Tuesday, December 21, 2010

My Cr-48 Chrome Notebook - Days 2, 3 & 4

My intention was to post an update every day, but Sunday and Monday have already past and Tuesday is just about gone. So far I am loving my Cr-48! On Sunday I only had to use my Windows laptop once. I started off the day with using the Chrome OS notebook as my primary computer, I was even able to find a site that had a decent Flash stream of the Redskins @ Cowboys game and watched most of the game on the Cr-48. When their stream died in the fourth quarter I did a search for another stream, but could only find one that required the V-Stream Windows plugin, that is when I had to boot up the Windows laptop. Other than that, I was able to do everything else I needed my computer for in the cloud with the Chrome OS notebook.

On Monday it was primarily used for basic Internet stuff like GMail, facebook, twitter, Extremeskins.com, and checking out the news stories about the lunar eclipse. I also did some Cr-48 and ChromeOS research online to find some neat things to do with the browser/OS like all of the "About pages" you can find by typing "about:about" in address bar on Chrome and for the Google Chrome Cr-48 power users, here's a tip: Press Ctrl-Alt-? to display the keyboard shortcuts.

If you were following me on twitter late Monday night, you would have seen that I was passing time waiting for the eclipse by doing what I could to make the Cr-48 battery get down to 0%. When it did, the screen went blank, flashed to a "crosh" screen, then shutdown. When I plugged it back in I saw that the Chrome crash recovery restored all of my tabs I had opened and saw that it showed that it would be 2:20 till a full charge again on the battery.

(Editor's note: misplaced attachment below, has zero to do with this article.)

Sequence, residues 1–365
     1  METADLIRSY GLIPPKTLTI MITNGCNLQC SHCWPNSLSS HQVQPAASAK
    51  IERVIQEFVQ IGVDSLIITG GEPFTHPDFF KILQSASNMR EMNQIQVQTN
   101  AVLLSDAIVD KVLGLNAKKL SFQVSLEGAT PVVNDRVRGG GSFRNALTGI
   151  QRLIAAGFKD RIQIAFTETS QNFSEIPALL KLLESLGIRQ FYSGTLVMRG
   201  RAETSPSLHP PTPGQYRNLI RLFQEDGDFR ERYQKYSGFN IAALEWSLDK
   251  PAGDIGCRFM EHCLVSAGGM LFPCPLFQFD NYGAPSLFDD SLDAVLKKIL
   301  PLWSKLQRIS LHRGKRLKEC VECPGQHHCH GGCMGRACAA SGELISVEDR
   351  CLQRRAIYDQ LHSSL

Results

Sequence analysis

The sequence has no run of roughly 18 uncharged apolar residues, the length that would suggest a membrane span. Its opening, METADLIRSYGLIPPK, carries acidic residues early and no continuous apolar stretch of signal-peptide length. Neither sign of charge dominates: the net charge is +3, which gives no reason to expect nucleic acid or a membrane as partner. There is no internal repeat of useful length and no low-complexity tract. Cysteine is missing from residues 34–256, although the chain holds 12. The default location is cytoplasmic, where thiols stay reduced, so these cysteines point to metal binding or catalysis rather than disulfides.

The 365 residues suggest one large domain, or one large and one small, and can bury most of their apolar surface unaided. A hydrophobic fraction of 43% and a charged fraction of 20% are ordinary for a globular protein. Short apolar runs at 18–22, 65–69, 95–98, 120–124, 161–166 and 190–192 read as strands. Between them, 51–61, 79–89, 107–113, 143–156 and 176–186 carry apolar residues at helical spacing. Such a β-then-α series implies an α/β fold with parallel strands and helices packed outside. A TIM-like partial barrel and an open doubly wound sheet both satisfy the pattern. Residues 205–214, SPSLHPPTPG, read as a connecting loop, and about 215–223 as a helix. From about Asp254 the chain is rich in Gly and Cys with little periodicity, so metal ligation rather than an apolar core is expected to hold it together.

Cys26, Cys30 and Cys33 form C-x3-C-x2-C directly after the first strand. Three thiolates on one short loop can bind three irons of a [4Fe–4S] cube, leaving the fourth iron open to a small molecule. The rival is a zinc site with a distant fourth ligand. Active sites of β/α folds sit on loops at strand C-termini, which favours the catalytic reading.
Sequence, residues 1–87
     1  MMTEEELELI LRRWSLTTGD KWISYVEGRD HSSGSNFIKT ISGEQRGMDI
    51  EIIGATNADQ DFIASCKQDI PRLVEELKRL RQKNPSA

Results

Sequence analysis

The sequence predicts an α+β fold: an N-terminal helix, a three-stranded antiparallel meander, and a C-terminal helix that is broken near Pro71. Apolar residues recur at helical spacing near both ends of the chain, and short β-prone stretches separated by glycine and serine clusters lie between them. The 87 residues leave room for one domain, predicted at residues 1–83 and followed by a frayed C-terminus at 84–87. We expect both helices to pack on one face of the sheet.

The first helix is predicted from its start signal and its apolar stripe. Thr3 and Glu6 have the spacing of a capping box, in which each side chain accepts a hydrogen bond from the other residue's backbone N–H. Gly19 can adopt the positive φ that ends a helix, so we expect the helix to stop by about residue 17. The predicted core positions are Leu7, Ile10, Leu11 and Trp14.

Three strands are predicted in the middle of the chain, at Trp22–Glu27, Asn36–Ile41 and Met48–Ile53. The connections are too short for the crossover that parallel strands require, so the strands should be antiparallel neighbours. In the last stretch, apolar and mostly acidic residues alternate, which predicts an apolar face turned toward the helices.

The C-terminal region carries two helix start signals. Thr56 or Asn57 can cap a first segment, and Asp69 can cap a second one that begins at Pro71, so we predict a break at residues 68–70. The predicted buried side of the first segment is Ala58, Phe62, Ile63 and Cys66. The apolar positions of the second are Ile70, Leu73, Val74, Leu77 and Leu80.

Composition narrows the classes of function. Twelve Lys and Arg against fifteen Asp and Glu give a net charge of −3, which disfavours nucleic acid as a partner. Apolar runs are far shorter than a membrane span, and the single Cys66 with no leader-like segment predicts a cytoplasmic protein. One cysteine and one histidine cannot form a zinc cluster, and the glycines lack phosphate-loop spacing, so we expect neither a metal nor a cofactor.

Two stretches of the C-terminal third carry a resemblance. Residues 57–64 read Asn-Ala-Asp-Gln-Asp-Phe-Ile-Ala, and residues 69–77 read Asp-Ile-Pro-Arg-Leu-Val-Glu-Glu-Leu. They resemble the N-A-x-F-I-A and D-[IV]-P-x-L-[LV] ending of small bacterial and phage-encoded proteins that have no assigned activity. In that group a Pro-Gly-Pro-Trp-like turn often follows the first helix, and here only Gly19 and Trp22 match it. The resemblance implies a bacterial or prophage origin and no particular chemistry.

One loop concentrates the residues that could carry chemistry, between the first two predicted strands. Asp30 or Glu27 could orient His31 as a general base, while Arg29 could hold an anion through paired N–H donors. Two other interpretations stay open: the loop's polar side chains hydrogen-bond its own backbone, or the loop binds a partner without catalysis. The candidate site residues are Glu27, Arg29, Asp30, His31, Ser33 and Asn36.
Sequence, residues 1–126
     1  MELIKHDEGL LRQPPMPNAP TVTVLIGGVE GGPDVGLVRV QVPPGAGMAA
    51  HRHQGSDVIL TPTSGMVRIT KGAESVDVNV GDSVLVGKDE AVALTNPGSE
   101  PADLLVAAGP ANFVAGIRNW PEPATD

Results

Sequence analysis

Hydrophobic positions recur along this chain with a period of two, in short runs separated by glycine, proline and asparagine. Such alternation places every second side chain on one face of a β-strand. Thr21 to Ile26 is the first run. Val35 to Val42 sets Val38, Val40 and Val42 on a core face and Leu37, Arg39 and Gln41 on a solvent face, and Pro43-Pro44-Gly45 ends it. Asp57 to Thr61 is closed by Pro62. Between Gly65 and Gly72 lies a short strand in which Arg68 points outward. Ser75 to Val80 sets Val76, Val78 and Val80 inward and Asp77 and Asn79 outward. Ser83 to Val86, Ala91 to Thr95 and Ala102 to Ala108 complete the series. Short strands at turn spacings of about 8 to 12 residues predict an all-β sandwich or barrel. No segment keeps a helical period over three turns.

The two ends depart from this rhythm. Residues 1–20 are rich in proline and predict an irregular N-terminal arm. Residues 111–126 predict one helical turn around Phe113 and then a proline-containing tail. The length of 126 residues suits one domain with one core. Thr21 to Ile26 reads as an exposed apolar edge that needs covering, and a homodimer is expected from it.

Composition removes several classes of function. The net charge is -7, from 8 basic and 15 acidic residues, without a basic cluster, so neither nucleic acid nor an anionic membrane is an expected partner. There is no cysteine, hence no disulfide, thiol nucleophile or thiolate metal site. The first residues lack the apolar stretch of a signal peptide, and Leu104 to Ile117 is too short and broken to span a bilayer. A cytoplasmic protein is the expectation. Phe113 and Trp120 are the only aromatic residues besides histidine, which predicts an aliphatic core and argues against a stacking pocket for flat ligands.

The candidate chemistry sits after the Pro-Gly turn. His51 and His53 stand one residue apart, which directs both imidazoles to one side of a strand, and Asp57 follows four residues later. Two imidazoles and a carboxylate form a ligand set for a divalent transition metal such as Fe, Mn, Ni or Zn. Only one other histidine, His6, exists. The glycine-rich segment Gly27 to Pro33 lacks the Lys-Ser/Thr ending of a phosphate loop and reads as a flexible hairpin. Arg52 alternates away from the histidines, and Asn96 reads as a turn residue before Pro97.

I also got a Google Chrome sticker sent to me from Google via UPS. I went ahead and applied to the top of the notebook. It looks pretty cool!

On Tuesday I took my Cr-48 to a meeting to use Google Docs to take notes during the meeting. Since there IS a basic file manager I was able to download the doc as a Word document and email it as an attachment.

Saturday, December 18, 2010

My Cr-48 Chrome Notebook - Day One

I've just about finished my first full day using my Cr-48 Chrome Notebook from Google as my primary computer. I have been able to use it for everything I would have done on my regular computer except for two things. I had to use my other computer twice today.

The first thing I couldn't do with the Cr-48 and had to break out my Windows laptop for was to use GoToMeeting this morning for my M-DAT Conference Call. It doesn't look like they have a linux plugin for GoToMeeting yet. I was able to do a test with DimDim and it works just fine.

The second thing I couldn't do with the Cr-48 and had to use my Ubuntu Desktop for was downloading the pictures off the camera. Actually, I downloaded them straight to my Iomega external NAS, but had to use the Ubuntu system to transfer them over the home network and upload them to my Picasa account.

I have read others who were complaining about Flash not running good on the Cr-48, but I have done several tests on YouTube, NFL.com and other sites and have not had any issues with Flash yet. So minus the two issue I mentioned in this post, everything else I have needed a computer for has be accomplished on the Cr-48, living in the cloud!

My Cr-48 Chrome Notebook - The Arival

You may have heard the announcement from Google on December 7th that Chrome users in the US could apply to test drive a Chrome notebook as part of their "pilot program". Here is what they posted on their site about this new Chrome notebook:

The Cr-48 is the test notebook we designed for the Pilot program. It's the first of its kind.

It's ready when you are, booting in about 10 seconds and resuming from sleep instantly. There’s built-in Wi-Fi and 3G, so you can stay connected everywhere, and a webcam for video chat. The vibrant 12-inch LCD display, full-size keyboard and oversized touchpad let you enjoy the web comfortably. And at just 3.8 pounds with over eight hours of active usage and a week of standby time, it’s easy to take along for the ride